Ian McShane as Flight Sergeant Andy Moore, Royal Air Force pilot
England, Summer 1940
Film: Battle of Britain
Release Date: September 15, 1969
Director: Guy Hamilton
Wardrobe Credit: Bert Henrikson
WARNING! Spoilers ahead!
Today commemorates the anniversary of a decisive aerial battle in the skies over England that marked one of the first substantial Allied victories in World War II. Luftwaffe attacks on British ports and fleets had launched the Battle of Britain in June 1940, followed by sporadic and deadly raids that culminated with a German attempt to essentially eradicate any British defenses to clear the way for Operation Sea Lion, Hitler’s intended invasion of England. On September 15, two waves of German attacks on London were successfully repelled by the Royal Air Force and the Fleet Air Arm of the Royal Navy, primarily the No. 11 Group RAF, a decisive defense that prompted then-Prime Minister Winston Churchill to famously declare: “Never in the field of human conflict was so much owed by so many to so few.”
29 years later to the day, Battle of Britain was released in the grand tradition of star-studded war epics, boasting a talented cast that included Michael Caine, Trevor Howard, Kenneth More, Laurence Olivier, Christopher Plummer, Robert Shaw, and a relative newcomer named Ian McShane. Continue reading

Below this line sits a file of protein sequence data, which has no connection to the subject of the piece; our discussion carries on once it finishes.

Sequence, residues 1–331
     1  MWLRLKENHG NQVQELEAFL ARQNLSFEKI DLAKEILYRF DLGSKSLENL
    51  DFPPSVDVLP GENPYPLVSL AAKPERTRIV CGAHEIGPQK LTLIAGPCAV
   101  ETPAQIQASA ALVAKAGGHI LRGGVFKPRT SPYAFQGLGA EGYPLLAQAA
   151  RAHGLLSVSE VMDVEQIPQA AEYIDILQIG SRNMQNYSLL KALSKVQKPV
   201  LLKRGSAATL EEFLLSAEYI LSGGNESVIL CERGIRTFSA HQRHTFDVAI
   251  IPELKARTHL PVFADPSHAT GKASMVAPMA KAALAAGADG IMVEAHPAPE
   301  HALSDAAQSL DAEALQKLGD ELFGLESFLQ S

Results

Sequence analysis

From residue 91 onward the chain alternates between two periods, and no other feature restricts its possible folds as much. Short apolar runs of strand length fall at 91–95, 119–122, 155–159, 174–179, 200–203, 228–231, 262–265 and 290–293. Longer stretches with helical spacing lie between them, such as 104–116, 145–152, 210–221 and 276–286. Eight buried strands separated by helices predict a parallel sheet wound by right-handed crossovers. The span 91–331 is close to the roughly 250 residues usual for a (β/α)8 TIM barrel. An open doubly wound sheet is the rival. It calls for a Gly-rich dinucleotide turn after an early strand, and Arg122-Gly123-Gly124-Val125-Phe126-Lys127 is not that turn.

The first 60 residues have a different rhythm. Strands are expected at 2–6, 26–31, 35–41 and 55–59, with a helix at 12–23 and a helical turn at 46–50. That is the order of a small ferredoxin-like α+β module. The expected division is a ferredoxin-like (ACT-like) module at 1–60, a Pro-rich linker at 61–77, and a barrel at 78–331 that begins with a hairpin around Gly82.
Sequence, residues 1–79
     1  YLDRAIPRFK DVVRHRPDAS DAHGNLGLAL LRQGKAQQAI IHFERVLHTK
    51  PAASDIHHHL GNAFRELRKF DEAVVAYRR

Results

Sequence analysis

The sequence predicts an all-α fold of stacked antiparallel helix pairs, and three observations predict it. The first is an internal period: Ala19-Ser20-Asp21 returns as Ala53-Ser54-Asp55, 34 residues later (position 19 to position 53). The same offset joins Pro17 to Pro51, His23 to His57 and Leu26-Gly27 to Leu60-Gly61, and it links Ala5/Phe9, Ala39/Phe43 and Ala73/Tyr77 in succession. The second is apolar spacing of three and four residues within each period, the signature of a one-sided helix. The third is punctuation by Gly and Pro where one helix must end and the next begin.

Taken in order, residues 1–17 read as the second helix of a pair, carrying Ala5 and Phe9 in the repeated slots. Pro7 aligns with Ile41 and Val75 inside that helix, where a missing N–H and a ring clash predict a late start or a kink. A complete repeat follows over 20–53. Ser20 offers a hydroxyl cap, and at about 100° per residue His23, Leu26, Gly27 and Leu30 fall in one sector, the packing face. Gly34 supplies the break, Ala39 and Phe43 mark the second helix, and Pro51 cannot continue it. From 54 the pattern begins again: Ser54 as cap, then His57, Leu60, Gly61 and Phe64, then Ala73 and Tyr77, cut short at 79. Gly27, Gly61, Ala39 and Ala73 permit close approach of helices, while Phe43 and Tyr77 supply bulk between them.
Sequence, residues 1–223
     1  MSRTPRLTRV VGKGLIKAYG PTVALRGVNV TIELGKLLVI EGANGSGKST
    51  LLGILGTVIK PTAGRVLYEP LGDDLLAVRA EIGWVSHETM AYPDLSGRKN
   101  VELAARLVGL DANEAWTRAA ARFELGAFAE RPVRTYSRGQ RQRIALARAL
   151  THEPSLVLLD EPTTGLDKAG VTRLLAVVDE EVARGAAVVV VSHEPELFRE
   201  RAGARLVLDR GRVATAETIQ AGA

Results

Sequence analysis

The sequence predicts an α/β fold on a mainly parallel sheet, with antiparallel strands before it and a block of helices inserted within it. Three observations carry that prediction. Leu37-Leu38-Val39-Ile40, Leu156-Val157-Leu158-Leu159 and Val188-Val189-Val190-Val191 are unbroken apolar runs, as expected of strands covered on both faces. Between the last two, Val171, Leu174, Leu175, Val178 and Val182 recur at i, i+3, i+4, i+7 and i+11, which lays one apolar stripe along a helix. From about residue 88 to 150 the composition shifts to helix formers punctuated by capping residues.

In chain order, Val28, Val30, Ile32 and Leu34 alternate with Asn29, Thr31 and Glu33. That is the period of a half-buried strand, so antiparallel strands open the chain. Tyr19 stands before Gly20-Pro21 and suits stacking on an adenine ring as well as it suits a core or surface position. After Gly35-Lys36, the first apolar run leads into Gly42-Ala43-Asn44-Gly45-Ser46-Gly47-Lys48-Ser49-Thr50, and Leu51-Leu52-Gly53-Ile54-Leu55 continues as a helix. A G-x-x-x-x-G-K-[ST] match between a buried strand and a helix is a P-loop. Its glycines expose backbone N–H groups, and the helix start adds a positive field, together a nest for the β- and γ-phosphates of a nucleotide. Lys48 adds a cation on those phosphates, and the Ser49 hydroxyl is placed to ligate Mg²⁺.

In recognition of POW/MIA Day, observed on the third Friday of September, let’s delve into one of the first major movies to shine a light on the POW experience.
William Holden as J.J. Sefton, USAAF Staff Sergeant and prisoner of war
“Somewhere on the Danube”, December 1944
Film: Stalag 17
Release Date: May 29, 1953
Director: Billy Wilder
Wardrobe Credit: J. Allen Slone
I don’t know about you, but it always makes me sore when I see those war pictures… all about flying leathernecks and submarine patrols and frogmen and guerrillas in the Philippines. What gets me is there never was a movie about POWs… about prisoners of war.
… and so Clarence Harvey Cook (Gil Stratton) begins his narration, setting the scene for the week leading up to Christmas 1944 when he and his fellow downed colleagues discovered a potential informant—er, a “dirty stinkin’ stoolie”—in their barracks.
After two airmen are shot trying to escape, suspicion eventually falls on J.J. Sefton, the cigarette-dealing but cigar-chomping staff sergeant whose cynicism has already rendered him unpopular with most of the Americans aside from Cookie, who serves as Sefton’s unofficial batman and describes him as “one of the most unforgettable ch-characters you’ve ever met.” Continue reading